Sure, now and then, there’s load shedding (power outages). But we’ve managed to figure out how to deal with them, planning activities, meals, and food safety accordingly.

Comfort is surely a factor in enjoying our world travels. Fortunately, in most cases, we’ve managed to work our way through any obstacles we encounter along the way, always remembering that we chose this life and that, at times, it may not be ideal.

Happy day!

Photo from one year ago today, May 27, 2020:

Four “Big Daddy” kudus stopped by with one female, all vying for her attention.  They were more interested in her than pellets. For more photos from the year-ago post, please click here.

Late start to today’s post…Sharing tasks…An old friend returns???…

Frank and The Misses, sharing their seeds with two hornbills. They all got along quite well.

Who’s in the garden this morning?

  • 16 warthogs
  • 9 bushbucks
  • 7 kudus
  • 36 mongoose
  • 1 wildebeest
  • Frank and The Misses

Somehow the morning got away from us. We had a few local errands and didn’t get done with everything until about an hour ago. Then, I had to make several phone calls to straighten out a few credit/debit card issues. Tom’s debit card hasn’t been working at ATMs, only to discover that most likely, the chip has gone bad, and we’ll need another card for him eventually.

Since mail is so slow arriving in South Africa, there was no point to order a new debit card, which our bank offered to send here. But, it could be six months until it could arrive. So, we’ll wait until we return to the US at some point in the future and request one at that time. Secondly, one of my credit cards, a new one we received in a package from our mailing service in Nevada, which took weeks to arrive through DHL’s overnight service, hasn’t been working.

Mating season is upon us.

I’d gone online and activated it as soon as it arrived, but apparently, that process didn’t work, and I had to reactivate it by phone. Preferring not to accumulate phone charges on our Google Fi account, I used Skype for both cards, neither of which included a charge since they were both toll-free numbers. I tried using the card three or four times, and each time it was declined. Little did I know, the original activation didn’t go through. So now, we’re set on this card.

It feels good to get these little issues out of the way. But, I must admit that I literally despise making “business-related” phone calls. The process is long and laborious as well as frustrating at times when I lose the signal. and get disconnected. With Tom, hard of hearing, I am responsible for making any phone calls. Plus, I am slightly more diplomatic and patient than he might be, which ends in a more satisfactory result in most cases.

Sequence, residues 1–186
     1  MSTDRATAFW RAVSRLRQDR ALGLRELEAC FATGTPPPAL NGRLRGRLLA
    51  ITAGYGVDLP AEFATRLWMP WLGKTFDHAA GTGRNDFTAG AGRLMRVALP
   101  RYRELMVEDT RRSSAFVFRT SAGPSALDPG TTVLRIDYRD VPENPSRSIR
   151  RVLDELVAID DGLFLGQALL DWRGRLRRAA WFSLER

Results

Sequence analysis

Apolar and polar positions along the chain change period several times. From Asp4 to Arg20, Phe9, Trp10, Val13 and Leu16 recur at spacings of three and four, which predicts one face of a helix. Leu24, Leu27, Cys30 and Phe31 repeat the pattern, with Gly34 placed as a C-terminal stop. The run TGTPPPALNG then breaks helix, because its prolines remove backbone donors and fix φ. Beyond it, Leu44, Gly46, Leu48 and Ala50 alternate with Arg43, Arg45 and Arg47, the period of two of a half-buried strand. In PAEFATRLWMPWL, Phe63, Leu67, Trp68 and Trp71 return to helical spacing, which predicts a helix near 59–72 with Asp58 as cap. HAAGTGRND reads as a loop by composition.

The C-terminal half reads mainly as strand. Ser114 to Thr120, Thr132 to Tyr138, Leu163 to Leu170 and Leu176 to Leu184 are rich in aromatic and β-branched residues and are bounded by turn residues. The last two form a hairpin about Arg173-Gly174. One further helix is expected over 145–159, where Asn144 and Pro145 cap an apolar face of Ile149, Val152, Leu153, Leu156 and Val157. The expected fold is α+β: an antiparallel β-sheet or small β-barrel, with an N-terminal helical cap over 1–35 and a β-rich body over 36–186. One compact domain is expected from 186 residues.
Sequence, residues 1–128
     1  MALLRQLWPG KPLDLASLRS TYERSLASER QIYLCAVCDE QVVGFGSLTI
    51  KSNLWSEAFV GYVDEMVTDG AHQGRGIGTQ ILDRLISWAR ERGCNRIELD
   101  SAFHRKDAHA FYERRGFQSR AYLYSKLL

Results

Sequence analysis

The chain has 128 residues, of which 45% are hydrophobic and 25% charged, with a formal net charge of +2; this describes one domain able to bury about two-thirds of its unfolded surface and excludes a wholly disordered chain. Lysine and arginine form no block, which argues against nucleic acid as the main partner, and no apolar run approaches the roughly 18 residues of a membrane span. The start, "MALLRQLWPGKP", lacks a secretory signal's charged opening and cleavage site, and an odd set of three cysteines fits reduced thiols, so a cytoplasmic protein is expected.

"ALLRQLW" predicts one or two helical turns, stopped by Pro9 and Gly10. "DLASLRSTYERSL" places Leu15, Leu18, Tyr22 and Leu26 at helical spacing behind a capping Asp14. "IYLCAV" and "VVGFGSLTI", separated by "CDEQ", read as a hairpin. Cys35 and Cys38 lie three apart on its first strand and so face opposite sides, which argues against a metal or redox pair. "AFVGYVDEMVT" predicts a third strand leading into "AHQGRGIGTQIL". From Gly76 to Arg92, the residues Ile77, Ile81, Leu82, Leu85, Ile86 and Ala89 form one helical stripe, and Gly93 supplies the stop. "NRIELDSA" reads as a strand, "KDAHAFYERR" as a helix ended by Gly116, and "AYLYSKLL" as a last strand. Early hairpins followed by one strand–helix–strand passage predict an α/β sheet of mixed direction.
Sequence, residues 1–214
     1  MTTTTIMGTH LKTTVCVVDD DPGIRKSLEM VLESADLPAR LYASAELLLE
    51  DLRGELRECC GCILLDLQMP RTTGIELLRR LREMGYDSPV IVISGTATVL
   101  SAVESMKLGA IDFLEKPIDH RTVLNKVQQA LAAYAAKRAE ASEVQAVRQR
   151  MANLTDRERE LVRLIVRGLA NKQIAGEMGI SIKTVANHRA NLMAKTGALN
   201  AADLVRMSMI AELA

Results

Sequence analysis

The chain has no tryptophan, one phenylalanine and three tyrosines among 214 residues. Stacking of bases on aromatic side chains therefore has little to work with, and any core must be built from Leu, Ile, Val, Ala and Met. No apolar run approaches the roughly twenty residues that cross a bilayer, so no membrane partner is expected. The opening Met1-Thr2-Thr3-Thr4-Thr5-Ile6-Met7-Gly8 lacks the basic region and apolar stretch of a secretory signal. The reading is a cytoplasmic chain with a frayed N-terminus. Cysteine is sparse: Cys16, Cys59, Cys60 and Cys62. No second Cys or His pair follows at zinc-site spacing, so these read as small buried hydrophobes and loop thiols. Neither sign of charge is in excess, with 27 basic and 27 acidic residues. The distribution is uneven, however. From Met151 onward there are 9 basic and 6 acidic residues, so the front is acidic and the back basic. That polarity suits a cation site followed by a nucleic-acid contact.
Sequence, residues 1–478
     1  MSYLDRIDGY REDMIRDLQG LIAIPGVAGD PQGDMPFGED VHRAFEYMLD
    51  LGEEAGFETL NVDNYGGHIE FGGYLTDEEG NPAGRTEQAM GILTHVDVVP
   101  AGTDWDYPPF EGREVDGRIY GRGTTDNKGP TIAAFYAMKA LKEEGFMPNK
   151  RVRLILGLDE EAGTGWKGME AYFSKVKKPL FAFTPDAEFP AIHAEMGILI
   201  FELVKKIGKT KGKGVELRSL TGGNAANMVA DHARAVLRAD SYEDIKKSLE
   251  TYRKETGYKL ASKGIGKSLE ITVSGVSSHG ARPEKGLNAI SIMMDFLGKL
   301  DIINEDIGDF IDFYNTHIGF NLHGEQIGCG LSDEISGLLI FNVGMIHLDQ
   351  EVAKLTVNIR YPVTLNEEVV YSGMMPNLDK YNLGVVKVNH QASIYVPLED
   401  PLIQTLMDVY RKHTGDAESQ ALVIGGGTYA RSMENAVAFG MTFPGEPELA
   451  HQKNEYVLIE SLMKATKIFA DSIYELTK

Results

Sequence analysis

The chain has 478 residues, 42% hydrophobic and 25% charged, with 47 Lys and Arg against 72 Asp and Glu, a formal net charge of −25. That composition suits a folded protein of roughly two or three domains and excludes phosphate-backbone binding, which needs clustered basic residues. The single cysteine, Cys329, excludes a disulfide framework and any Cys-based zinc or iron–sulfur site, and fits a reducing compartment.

This morning nine pigs converged on the garden, two moms, four babies, and three males, all interested in mating with the moms. The large tusked male reminded us of Tusket from the old house, but we weren’t sure, it was him.

I don’t begrudge having to make these calls when Tom does an equal amount, if not more, handling tasks in running our day-to-day lives. For example, he does all the dishes, pots, and pans; refills the water in the birdbath for the animals daily; keeps the bucket of pellets we use all day filled with pellets; makes pitchers of ice tea, handle making big bags of ice twice a day based on our excessive use; cooks on the braai, bring in and unload all the groceries and other items and lately, handling the management of the trail cam daily. Also, he handles all the cash we get from the ATMs.

Plus, each evening, he handles setting up the veranda to avoid the mozzies and other insects using special repellent coils and candles, ensuring no insects will bother us as darkness falls.

The bushbucks love Frank’s seeds and often push him and The Misses out of the way so he can eat from Frank’s container.

All I do is post here, take and manage all the photos from the regular camera, prep for our meals and guests who may visit, do all the laundry, put it away, pay our few bills, and make those darned calls. Since we don’t have to clean or make the bed five days a week, not much is required to stay organized and orderly. On the weekends, generally, as the last one up, I make the bed. Easy peasy.

I should mention that Tom does ALL of the driving, the car wash, and filling up at the petrol station. Recently, when we had to return the rental car to Nelspruit for an inspection, requiring a three-hour round trip drive, he did that on his own. So I was thrilled to be able to stay here.